Anesthetic Considerations for Cervical Neurosurgical Procedures

(Procedures covered: anterior/posterior fusion/fixation of upper and mid/lower C-spine; anterior cervicothoracic spine surgery)

Preoperative

Surgery of the C-spine is common, primarily because of the frequency of herniation of a cervical intervertebral disc causing compression of the adjacent spinal nerve roots. Other, less frequent indications for cervical surgery include: acute or chronic instability of the neck requiring fusion; removal of a tumor of the spinal cord; or craniocervical decompression for Arnold-Chiari malformation.

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Respiratory

Acute fractures of the C-spine may be associated with sufficient trauma to the spinal cord to cause acute respiratory insufficiency and inability to handle oropharyngeal secretions. If this occurs, immediate tracheal intubation is necessary. Before initiating intubation, the neck must be stabilized, preferably in Gardner-Wells tongs or a body jacket; lacking those, a tight neck collar with sandbags on each side of the head will suffice. The objective is to not flex or extend the head or move it laterally during the course of tracheal intubation. Fiberoptic intubation techniques that secure the airway with minimal or no manipulation of the cervical spine should be used.
Tests: Consider ABG to substantiate degree of respiratory impairment, if present.

Cardiovascular

Acute fractures of the C-spine and associated spinal cord trauma may → loss of sympathetic tone, which, in turn, may cause peripheral vasodilation and bradycardia. Generally, this condition can be treated effectively with crystalloid and/or colloid infusion, and atropine to ↑ HR. Rarely is it necessary to use vasopressors to maintain BP or HR. If spinal cord injury is suspected an A-line must be placed and MAP should be maintained above 80 at all times to avoid vascular insufficiency of the spinal cord.Tests: As indicated from H&P.

Neurological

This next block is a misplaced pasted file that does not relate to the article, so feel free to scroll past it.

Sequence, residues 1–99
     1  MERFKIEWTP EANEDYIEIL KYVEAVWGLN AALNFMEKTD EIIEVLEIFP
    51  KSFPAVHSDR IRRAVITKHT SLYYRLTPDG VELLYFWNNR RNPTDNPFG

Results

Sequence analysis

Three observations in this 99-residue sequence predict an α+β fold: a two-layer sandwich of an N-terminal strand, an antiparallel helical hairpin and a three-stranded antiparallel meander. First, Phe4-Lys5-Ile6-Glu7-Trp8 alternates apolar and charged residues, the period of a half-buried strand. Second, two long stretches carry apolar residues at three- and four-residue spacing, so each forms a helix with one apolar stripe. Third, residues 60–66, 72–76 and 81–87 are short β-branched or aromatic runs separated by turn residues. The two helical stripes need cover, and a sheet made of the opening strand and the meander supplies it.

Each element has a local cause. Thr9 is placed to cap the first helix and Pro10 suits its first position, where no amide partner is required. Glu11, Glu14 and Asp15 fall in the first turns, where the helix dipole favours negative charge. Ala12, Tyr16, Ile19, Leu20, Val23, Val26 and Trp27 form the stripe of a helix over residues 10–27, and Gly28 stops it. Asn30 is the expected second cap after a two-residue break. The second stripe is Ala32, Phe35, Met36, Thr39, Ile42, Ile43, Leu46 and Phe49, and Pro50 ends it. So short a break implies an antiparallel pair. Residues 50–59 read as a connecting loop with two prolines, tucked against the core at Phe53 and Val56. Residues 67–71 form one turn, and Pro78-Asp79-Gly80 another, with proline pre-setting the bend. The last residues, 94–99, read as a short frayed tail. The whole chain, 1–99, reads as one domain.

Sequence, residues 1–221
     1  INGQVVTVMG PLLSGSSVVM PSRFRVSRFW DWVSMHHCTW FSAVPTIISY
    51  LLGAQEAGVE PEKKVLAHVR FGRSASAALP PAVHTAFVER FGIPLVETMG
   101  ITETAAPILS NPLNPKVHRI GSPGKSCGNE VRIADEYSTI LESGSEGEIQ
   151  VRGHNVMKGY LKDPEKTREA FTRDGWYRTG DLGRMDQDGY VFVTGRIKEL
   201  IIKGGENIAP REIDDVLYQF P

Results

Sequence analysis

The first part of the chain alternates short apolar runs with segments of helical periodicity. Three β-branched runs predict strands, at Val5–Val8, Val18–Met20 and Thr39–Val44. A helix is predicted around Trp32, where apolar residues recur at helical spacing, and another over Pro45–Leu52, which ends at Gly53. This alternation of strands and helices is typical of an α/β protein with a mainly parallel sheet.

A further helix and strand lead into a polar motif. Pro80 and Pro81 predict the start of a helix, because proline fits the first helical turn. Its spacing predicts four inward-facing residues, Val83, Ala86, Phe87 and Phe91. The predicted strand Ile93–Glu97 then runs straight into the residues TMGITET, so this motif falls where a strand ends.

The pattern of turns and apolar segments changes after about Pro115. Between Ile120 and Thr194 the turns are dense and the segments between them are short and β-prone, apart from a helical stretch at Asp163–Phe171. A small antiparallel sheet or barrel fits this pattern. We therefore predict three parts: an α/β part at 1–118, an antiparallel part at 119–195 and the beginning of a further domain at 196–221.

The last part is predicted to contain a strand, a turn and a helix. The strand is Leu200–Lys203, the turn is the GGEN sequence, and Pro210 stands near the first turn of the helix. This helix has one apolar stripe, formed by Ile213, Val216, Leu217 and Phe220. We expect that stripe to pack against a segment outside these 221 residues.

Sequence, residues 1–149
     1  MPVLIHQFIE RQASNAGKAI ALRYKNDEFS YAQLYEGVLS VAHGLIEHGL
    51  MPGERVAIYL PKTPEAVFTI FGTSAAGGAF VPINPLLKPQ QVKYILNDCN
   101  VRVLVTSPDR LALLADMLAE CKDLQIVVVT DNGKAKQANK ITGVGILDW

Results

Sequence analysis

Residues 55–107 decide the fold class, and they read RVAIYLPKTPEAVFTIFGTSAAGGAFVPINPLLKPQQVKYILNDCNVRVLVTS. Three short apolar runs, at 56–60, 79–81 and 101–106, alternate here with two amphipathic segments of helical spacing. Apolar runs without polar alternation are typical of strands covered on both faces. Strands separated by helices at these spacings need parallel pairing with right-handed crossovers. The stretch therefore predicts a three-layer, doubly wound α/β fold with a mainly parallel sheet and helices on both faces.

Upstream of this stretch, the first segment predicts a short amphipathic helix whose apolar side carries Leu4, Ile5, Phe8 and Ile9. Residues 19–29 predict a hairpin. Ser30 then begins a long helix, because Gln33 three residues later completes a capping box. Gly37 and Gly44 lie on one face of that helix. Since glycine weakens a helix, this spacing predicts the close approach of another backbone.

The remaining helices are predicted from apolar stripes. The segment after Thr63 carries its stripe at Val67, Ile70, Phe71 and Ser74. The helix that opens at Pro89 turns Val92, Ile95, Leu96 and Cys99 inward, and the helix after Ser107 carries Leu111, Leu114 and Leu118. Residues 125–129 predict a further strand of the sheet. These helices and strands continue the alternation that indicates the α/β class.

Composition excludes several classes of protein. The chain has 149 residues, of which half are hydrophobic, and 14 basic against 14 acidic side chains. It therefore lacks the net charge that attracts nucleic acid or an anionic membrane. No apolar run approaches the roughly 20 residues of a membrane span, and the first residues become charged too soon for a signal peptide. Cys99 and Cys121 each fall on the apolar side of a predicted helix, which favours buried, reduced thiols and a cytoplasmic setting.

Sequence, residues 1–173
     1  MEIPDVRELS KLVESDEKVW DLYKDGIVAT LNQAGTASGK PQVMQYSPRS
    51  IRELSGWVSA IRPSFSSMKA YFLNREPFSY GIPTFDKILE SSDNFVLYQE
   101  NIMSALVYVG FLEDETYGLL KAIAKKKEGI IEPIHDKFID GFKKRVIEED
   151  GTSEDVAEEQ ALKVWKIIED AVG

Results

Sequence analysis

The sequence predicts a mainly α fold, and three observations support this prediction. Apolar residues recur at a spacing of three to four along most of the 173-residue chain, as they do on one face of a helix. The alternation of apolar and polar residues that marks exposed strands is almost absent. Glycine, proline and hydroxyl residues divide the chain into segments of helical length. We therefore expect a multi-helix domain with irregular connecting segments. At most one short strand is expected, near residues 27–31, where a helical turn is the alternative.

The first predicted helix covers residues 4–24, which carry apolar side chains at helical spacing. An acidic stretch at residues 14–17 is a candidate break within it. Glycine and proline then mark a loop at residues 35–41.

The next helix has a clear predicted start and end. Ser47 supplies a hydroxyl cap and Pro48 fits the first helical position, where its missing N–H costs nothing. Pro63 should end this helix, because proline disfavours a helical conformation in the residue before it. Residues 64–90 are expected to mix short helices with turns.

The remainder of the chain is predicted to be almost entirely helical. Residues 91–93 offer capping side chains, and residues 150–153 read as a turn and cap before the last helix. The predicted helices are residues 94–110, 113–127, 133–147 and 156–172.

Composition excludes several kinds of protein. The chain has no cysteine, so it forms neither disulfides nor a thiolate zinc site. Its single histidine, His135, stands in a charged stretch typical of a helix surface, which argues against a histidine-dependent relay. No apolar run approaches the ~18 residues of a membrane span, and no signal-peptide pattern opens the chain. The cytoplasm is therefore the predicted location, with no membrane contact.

Patients with herniation of a cervical disc generally complain first of pain in the neck, particularly with lateral rotation of the head. The pain may radiate down one or, rarely, both arms. As nerve compression continues, patients begin to develop weakness and atrophy of specific muscle groups in the arm. These Sx, however, are not specific to herniation of a disc and may be caused by a spinal cord tumor or cyst. Patients with acute fractures of the neck and attendant spinal cord trauma at the T1 level may be paraplegic to some degree, whereas fractures above C5 may result in quadriplegia and loss of phrenic nerve function. Injuries between these two levels result in variable loss of motor and sensory functions in the upper extremities. A careful documentation of preop sensory and motor deficits is important.Tests: MRI has replaced myelography as the primary diagnostic test because it distinguishes disc from tumor from cyst. Emergency CT is invaluable in the assessment of patients with acute neck injuries and suspected cervical fracture; if not available, A-P and lateral x-rays of the neck generally will reveal the site and extent of bony injury.

Hematologic

Antiplatelet agents should be stopped 10 d before elective surgery. At least 2 units of PRBCs should be ready along with a type and screen if large amounts of blood loss are anticipated, as can occur in some posterior cervical surgeries.Tests: Hct; T&C, others as indicated from H&P.

Laboratory

Other tests as indicated from H&P.

Premedication

Premedication is very useful in this patient population. Midazolam 2–4 mg iv and meperidine 20–40 mg iv in divided doses prior to entering the OR makes patients amnestic and tractable. Also, antibiotics (usually 1 g of cefazolin if not PCN allergic) should be given at least 30 min prior to skin incision for them to be effective against infection.

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Intraoperative

Anesthetic technique:

GETA

Induction

For patients with a stable neck, orotracheal intubation using standard laryngoscopy is acceptable. If the operation is to be performed transorally or at C1–2; if the patient's neck is unstable; if the head is in tongs, a halo device, or a body jacket; or if the findings on the H&P suggest that tracheal intubation may be difficult, the ETT should be placed using FOL. FOL can be performed under local anesthesia before induction of GA, but this requires topicalization of the airway, which will cause coughing and potential injury to the spinal cord. A much better method is to perform a Plan C under general anesthesia. (For details of fiberoptic intubation and Plan C, see p. B-5.) Consider using a wire-reinforced tube as it allows for maximal bending of the tube to remove it from the surgical field, and it will not be compressed by the Dingman retractor. A wire-reinforced tube is also desirable when the surgical procedure is to be done in the prone position. Most importantly, it is vital to discuss the severity of the surgical lesion and the planned intubation with the surgeon before proceeding. Nasotracheal intubation is rarely needed for this type of surgery. After the ETT is in place, anesthesia is induced with propofol 0.5–2.5 mg/kg or STP 3–5 mg/kg.